We only got onto one wrong road. It was the right road, just heading the wrong direction. After getting turned around, we drove straight home…with many potty breaks. It’s about a 3 hour drive for us in our little car. We drove Sheri home, had pancakes at her house for lunch and hung out for about three hours. Then, as my yawns increased in frequency I figured Jael and I should head home. We drove to Speicher and as we neared the center of town, we saw a police car, blocking the road. Uh oh, I thought. Yup. Big uh oh. There was some sort of carnival in the middle of the road. I’m sure it was fun. I’m sure it was worth blocking of the MAIN road through town but my sleep deprived and husband deprived brain freaked out. Which of course means so did my thinking brain. So instead of cutting back to the roundabout that goes to Trier, taking the road that goes by the fancy kitchen store and the meat market we’ve never been to (yes, that’s really how directions are in Germany. I am a classic, road names only please, no landmarks, kind of girl and yet…this is what I’ve got to work with) and coming out on the other side of the carnival, I completely forgot that part of town exsisted and instead went all the way to Bitburg to  come in the back way past the train station. But of course, I didn’t do this in a straight shot. I tried two shortcuts, both brought me back to the wrong side of town. Then I got turned the wrong way on B51 in Bitburg and had to drive for some kilometers before finally pulling a U-turn on an empty stretch of highway. But then we got home fine.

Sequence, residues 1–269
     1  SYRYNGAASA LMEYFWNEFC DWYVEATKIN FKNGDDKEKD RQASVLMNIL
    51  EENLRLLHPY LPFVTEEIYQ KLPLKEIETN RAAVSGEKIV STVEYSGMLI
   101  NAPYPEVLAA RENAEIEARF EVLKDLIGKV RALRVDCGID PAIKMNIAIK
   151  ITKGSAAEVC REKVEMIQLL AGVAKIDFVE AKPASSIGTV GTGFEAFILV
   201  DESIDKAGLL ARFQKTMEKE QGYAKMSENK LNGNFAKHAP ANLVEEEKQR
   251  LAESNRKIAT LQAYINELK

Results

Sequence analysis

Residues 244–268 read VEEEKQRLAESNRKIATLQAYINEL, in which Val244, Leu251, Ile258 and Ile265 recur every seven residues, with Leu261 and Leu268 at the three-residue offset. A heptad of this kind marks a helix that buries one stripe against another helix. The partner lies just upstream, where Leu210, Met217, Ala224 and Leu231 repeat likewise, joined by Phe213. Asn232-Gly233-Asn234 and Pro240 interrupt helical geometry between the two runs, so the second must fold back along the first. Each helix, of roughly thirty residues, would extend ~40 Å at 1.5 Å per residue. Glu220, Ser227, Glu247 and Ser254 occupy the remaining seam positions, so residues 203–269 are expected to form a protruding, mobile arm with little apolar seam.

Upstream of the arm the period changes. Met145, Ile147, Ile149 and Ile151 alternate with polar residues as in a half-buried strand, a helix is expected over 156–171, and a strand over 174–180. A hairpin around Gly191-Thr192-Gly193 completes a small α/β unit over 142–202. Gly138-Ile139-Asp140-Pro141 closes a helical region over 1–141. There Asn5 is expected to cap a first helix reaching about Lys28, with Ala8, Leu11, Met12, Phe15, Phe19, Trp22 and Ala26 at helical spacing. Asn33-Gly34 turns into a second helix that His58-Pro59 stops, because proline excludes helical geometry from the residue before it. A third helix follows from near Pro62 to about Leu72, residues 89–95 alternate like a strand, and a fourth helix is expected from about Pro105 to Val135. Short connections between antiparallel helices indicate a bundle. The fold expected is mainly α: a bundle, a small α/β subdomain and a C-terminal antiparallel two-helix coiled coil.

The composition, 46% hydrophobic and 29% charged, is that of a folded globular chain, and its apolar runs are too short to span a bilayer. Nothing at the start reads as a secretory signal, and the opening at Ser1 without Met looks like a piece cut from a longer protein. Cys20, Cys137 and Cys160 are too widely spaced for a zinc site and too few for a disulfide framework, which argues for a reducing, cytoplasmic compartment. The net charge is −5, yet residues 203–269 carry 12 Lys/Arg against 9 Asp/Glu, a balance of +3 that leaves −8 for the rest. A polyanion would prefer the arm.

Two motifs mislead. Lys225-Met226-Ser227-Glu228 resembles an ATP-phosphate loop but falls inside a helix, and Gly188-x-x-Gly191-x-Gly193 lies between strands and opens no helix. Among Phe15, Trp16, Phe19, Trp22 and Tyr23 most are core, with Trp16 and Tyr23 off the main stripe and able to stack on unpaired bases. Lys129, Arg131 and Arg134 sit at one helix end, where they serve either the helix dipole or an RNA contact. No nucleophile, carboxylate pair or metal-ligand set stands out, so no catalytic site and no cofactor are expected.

And even though I was exhausted and had been up since 4am that morning, I was unable to convince myself that I should be in bed and instead, stayed up late perusing the Internet, making ATC’s, and various other things which I can’t even remember now. I will post pictures soon. Due to not having a USB to camera cable anymore (it broke), uploading pictures is…intersting. I have to take the card out of the camera and put it into the Ubuntu computer (a desktop model) or the Linux laptop (a tiny, tiny Acer running Limpus Light for it’s OS) and then upload the pictures to that computer. Then I have to load them onto a photo sharing site, usually Shutterfly now that I’ve figured out the gliches between Ubuntu and their upload software. Then I got into the living room and using the Mac, either download the pictures from Shutterfly onto the harddrive or I simply use the Mac to post pictures onto WordPress or whatever else it is I want to do with them. And if the desktop computer wasn’t sitting on an endtable in the hallway, with the safe in front as a seat and I didn’t have to balance the keyboard and mouse on my knees, I would do the whole thing from Ubuntu.